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Tuesday, June 17, 2014

Pancakes Have No Bones: Philosophy for the Masses

Now and then I see things on our travels that strike me funny (or weird or out of place) and I have to take a picture. These things don't fit neatly into any category but over the years they've become a category of their own. I suppose some would call them public art; just as many might call them public defacement.

I like to think of them as philosophy for the masses.

(WARNING: one of the photos contains an off-color word. I'm sure you've heard it before, but if you're sensitive to such things don't scroll down too far.)

One of the first to catch my eye on a walk through my neighborhood, this one had me smiling all the way home. Scratched into a new section of sidewalk, it seemed simultaneously deep and silly. What does it mean? Should I feel sorry for pancakes? Or maybe envious? Pancakes don't have to worry about breaking a hip in their old age, do they?

Written on a large piece of driftwood, I found this one on Salmon Creek beach in Sonoma County, CA. Perhaps nothing is quite as permanent as misspelled words in a public place.

Taken from an MGMT song "The Handshake," this one was a bit disturbing. It was written on a tile wall in an old military hospital on Angel Island in the San Francisco bay. The place has a haunted feel; the wind echoes through the broken windows and almost sounds like ghostly patients moaning in pain. Kind of gave me the heebie jeebies.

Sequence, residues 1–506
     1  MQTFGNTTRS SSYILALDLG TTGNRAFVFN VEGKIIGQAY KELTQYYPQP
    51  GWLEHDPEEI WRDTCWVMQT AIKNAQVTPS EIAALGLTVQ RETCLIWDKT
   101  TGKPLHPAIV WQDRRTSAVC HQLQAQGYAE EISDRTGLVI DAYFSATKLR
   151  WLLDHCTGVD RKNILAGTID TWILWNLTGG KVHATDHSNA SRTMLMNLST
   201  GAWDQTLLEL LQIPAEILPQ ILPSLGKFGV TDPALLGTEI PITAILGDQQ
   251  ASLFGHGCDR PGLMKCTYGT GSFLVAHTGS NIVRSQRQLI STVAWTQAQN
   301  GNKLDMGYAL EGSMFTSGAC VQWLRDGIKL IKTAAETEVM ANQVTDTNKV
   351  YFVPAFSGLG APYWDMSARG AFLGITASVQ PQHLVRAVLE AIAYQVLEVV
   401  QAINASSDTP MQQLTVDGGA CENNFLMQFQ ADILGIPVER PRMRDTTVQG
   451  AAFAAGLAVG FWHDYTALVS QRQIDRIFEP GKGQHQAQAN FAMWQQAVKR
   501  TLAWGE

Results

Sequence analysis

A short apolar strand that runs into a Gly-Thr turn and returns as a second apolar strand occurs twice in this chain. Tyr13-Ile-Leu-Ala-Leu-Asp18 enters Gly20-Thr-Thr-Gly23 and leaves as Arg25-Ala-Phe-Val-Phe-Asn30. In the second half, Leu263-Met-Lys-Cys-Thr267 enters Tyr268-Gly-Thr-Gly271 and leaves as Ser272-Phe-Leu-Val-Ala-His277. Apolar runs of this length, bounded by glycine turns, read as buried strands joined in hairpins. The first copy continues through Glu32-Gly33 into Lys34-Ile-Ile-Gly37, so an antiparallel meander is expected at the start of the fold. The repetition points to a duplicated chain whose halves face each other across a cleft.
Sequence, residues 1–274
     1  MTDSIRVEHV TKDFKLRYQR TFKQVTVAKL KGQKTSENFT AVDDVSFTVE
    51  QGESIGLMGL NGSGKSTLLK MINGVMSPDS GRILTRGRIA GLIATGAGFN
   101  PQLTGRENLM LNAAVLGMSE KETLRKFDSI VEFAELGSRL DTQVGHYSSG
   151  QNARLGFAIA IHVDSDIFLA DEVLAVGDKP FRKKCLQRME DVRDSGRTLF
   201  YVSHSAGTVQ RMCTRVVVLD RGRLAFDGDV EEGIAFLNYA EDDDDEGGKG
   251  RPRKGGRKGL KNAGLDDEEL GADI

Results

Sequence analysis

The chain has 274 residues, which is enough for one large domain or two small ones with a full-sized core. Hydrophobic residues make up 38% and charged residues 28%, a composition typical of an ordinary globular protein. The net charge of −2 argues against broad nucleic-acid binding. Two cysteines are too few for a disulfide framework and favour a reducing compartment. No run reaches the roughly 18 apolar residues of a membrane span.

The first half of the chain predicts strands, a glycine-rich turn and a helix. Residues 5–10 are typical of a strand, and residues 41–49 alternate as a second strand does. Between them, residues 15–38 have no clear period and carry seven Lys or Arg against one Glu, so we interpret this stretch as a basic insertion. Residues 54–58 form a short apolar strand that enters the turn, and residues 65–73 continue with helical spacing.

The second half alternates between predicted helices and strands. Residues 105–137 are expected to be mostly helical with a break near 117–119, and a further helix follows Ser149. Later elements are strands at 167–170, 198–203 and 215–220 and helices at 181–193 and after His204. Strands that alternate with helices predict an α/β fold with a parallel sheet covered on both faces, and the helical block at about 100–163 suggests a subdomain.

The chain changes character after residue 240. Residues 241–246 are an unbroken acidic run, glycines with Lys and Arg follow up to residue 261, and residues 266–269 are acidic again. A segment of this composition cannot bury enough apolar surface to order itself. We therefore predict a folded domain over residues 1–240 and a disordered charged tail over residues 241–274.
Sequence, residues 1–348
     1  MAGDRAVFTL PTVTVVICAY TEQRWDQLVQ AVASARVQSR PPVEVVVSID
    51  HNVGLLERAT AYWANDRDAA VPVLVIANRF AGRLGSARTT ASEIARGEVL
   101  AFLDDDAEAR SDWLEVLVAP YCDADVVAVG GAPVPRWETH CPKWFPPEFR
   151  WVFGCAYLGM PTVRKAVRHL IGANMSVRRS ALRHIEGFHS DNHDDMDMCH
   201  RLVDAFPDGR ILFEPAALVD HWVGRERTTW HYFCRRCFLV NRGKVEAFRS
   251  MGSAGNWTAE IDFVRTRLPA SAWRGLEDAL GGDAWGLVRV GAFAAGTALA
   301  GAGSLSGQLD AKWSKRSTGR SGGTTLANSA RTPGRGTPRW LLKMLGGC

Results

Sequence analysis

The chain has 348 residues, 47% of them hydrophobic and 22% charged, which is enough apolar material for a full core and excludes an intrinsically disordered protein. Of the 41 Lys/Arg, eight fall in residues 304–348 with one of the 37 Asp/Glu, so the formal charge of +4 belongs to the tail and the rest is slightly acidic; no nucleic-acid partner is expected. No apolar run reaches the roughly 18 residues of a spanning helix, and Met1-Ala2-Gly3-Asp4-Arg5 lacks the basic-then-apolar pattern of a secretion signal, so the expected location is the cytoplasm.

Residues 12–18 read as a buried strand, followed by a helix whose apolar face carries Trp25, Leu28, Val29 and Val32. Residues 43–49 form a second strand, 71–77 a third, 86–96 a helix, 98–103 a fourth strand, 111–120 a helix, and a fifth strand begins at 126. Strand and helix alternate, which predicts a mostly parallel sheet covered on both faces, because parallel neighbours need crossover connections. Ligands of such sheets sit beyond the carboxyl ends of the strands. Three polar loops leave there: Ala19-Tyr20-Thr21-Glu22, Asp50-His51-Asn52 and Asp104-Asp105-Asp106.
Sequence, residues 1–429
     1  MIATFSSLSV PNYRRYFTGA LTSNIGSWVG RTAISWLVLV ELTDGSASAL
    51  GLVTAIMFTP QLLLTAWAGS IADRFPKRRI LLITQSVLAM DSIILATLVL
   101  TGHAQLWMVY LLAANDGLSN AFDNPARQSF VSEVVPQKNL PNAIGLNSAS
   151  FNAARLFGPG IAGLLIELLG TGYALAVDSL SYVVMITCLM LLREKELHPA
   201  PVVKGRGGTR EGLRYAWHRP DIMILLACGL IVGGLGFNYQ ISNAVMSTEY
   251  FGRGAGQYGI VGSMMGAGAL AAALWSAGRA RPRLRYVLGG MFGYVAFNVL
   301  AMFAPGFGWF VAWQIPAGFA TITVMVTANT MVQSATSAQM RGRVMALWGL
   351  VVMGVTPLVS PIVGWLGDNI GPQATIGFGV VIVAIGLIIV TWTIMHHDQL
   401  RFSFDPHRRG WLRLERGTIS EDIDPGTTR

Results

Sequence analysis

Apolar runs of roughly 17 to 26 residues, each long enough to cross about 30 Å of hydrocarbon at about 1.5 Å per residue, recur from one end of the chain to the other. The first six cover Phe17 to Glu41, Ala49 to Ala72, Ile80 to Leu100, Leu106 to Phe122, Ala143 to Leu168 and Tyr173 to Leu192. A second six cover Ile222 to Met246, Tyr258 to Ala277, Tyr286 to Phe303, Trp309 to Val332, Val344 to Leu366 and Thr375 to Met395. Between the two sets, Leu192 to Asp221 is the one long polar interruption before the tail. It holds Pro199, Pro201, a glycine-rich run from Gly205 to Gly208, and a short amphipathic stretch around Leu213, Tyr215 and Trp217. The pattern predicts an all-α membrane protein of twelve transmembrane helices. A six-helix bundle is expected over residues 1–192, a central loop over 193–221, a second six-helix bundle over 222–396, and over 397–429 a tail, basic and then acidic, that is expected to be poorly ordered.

Speaking of song lyrics, this line from a song by Flight of the Conchords made me laugh. The Conchords make me laugh anyway, but picturing a 20-something guy laying on the sand scratching this into the driftwood after a few beers while his drunk friends cheered him on was too much. How did I know he and his friends were drunk? The remnants of the 24 pack of beer that surrounded the site, sprawled in the sand like drunken sailors passed out on shore leave.

This was scratched into the sandstone wall in a slot canyon in the Vermillion Cliffs National Monument on the Utah/Arizona border. I wondered if the first "artist" was a bit more committed to his message; "God will give me Justice" must have taken a lot more effort to etch that deeply into the stone. Then again, the second guy has a point: anyone who would spend that much time defacing a national monument might not want justice to come his way.

Spray painted using a stencil, this one popped up on several walls in Venice Italy. Not sure if it was anti-corporate, anti-American, anti-sweatshop, or anti-fashion. Pretty sure it's anti-something though.

Inside an old miner's cabin in Death Valley National Park, I found this one to be rather sweet. A heart-shaped hole in the wall was accented with this little bit of graffiti. If home is where the heart is, they found it in the kitchen. Along with the bullet ridden refrigerator.

Is Italy the place for lovers? Apparently so. This was spray painted on a roadside cliff in the Tuscan countryside near Magnano Italy. Mark helpfully translates the message for us: "I love you."

Do you have any examples of public philosophy? I'd love to see them! Write them up in the comments section, email me at and attach a photo, or post them on my Facebook page here.

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